28 Sep 2020

Mataura toxic waste stoush in Environment Court today

9:47 am on 28 September 2020

A dispute over 8500 tonnes of toxic waste in Southland heads back to court this morning.

The flooded Mataura River rips past the former Mataura paper mill

The Mataura River flowing past the former Mataura paper mill in flood in February 2020. Photo: ODT / Stephen Jaquiery

The Environmental Defence Society is seeking a ruling from the Environment Court over who has responsibility for removing the ouvea premix from Mataura's disused paper mill.

The waste is a by-product of the Tiwai Point aluminium smelter, and releases deadly ammonia gas when mixed with water. It was shifted to the paper mill six years ago without resource consent by the now-defunct Taha Asia Pacific, who were contracted by NZ Aluminium Smelters.

The waste has been threatened by flooding and fire this year, sparking fears among locals.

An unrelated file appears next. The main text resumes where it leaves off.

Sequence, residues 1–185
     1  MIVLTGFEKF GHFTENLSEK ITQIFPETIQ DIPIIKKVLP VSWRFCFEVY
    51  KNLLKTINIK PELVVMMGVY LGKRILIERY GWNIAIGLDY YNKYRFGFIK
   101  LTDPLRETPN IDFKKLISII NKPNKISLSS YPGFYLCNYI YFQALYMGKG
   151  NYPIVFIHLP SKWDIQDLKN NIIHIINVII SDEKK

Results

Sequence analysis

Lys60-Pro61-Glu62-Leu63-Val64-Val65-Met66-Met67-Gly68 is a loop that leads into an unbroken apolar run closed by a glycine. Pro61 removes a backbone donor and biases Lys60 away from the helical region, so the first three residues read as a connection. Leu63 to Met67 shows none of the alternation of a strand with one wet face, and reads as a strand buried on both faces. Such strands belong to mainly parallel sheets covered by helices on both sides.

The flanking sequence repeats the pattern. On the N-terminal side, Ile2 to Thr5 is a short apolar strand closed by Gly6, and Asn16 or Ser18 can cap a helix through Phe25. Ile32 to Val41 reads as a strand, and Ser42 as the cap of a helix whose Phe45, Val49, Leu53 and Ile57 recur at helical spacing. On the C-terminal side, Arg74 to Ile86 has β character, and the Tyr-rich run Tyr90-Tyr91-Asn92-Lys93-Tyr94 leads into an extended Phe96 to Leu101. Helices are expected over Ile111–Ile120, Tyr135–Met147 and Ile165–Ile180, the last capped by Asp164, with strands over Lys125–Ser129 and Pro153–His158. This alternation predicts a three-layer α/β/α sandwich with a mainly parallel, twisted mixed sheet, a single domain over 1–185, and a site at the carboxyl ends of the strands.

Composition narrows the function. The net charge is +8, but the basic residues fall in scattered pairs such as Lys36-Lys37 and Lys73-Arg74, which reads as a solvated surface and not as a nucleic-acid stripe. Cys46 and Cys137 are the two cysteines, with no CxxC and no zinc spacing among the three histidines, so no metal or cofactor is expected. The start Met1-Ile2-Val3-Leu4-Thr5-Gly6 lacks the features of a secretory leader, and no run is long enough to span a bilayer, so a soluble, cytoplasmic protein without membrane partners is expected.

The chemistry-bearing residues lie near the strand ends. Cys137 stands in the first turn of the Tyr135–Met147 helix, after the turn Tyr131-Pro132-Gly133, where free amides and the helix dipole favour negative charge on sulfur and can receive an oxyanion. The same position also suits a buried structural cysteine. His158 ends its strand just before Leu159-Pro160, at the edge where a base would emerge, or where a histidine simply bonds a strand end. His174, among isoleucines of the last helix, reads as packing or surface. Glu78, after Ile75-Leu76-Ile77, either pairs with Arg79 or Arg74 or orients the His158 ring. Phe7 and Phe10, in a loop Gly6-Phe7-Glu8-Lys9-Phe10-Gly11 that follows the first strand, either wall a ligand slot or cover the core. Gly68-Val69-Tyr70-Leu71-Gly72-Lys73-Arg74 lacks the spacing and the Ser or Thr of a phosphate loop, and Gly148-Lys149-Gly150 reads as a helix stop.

The Environmental Defence Society wants the smelter's owners Rio Tinto to have responsibility for cleaning it up, and remove it by the end of this year.

The society has taken the court action against New Zealand Aluminium Smelters and Rio Tinto to settle the matter.

Also part of the mediation hearing are local councils and the Ministry for the Environment.

The judicial settlement conference started on 8 September.

Before the hearing the society's executive director, Gary Taylor, told Nine to Noon he wanted to expedite the removal of the waste.

"All of the parties involved - the Crown, the district council and the company - agreed to a funding formula by which the material would be removed from that site over time," Taylor said.

"That was a good start. The problem with it is that it's over time, and we believe that material needs to be removed forthwith, and certainly before Christmas."

New Zealand Aluminium Smelters and Rio Tinto have regularly reaffirmed their March 2018 commitment to the $4 million plan alongside local authorities and the government, to move the waste from Mataura and other sites around Southland over six years.

The judicial settlement conference will resume this morning following a three-week adjournment.

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